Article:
When should you make a Will?
It is vitally important that you make a Will to ensure that your property and assets pass to your intended beneficiaries following your death.
If you do not have a Will then the Government decides who inherits your property and assets after you die by virtue of the Intestacy Rules. The decision is taken out of your hands.
Subject to certain exceptions, exemptions and reliefs, Inheritance Tax is payable at the rate of 40% on the value of all property at the time of death above the amount of £325,000.00. Making a Will allows you to mitigate or even eliminate the amount of Inheritance Tax payable on your property at the time of your death.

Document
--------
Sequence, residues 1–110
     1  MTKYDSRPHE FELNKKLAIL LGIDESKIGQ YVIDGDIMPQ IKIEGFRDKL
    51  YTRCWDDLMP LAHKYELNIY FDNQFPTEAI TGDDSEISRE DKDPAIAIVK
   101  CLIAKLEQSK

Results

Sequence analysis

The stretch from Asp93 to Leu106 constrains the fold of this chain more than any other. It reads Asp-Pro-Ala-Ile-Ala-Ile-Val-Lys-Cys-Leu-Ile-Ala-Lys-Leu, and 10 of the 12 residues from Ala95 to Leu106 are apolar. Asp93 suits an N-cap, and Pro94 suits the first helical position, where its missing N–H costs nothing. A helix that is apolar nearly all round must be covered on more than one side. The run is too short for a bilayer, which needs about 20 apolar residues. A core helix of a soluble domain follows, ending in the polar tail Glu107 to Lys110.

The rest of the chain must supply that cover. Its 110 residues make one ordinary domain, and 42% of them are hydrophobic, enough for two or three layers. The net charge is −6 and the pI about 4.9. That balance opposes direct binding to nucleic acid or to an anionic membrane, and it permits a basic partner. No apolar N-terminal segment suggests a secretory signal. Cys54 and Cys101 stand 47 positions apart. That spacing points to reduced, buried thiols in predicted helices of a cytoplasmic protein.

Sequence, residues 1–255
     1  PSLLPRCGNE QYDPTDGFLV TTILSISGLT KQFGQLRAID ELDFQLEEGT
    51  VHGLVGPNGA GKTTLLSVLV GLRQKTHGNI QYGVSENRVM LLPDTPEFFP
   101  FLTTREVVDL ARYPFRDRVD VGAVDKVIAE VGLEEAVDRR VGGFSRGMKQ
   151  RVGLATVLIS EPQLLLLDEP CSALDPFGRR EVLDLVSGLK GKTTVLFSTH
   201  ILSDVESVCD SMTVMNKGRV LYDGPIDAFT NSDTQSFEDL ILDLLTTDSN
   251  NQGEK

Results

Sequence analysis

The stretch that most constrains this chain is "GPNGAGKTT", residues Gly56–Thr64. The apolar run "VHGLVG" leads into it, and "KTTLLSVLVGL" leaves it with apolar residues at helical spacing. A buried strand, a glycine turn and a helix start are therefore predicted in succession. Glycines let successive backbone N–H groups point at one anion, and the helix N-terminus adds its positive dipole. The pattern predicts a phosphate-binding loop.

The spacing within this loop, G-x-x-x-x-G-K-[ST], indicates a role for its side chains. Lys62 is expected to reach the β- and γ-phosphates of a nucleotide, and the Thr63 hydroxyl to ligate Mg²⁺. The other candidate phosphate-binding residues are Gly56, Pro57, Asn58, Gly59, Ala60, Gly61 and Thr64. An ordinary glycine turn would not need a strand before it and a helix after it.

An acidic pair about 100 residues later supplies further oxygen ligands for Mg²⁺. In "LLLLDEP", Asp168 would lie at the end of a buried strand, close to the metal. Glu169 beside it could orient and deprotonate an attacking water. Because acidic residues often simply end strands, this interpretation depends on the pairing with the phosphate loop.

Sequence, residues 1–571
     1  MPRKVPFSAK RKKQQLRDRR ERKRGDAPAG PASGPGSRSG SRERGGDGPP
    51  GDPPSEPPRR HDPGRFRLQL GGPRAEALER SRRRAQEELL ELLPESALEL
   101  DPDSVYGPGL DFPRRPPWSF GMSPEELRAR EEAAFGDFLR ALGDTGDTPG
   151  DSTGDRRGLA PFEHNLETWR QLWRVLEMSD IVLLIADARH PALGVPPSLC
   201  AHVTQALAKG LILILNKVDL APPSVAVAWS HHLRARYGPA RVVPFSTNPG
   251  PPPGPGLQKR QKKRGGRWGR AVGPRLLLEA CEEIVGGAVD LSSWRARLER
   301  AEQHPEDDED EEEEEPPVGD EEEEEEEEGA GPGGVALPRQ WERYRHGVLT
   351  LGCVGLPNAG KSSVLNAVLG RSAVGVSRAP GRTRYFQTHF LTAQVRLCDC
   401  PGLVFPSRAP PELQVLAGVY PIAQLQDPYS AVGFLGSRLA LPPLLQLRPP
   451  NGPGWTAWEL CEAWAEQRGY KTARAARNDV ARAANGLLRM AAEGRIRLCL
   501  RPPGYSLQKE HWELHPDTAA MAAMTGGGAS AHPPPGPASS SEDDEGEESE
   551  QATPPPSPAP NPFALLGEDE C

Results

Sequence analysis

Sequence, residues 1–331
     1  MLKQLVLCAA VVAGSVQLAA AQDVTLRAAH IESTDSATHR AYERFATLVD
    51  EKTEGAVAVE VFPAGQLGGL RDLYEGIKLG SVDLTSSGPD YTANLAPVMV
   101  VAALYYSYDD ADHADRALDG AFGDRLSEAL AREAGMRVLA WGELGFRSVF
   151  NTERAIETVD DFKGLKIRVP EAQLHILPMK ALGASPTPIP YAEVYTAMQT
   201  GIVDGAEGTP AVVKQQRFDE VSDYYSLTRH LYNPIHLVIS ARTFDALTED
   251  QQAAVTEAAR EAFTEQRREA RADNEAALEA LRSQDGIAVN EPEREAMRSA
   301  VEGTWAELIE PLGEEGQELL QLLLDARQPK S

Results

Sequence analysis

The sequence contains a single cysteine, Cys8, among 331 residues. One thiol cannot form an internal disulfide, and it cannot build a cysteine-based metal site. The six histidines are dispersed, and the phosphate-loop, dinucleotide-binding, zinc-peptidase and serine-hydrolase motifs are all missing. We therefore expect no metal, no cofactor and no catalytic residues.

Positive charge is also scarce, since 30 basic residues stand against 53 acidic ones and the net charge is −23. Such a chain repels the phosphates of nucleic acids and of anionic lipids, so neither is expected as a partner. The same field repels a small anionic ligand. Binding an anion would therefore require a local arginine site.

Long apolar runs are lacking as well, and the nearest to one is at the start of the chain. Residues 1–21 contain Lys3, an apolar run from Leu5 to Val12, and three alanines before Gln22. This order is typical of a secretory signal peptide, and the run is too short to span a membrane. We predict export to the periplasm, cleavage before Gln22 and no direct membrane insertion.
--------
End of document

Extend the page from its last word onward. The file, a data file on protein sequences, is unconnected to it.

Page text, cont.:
You can make provisions in your Will to ensure your property is kept within your family and is passed down to future generations. The use of carefully worded trusts in a Will can add flexibility and protect vulnerable beneficiaries from such matters as bankruptcy and divorce.
Confirming your wishes in a Will can avoid costly and time consuming disputes and arguments between family members.
Other matters that your Will can address are the appointment of Guardians for minor children, particular gifts or money or personal items and funeral wishes.
If you need additional information regarding Wills, feel free to get in touch with Stefano Lucatello at Kobalt Law or David Guille at Kobalt Law by calling 0207 739 1700 or by email email@example.com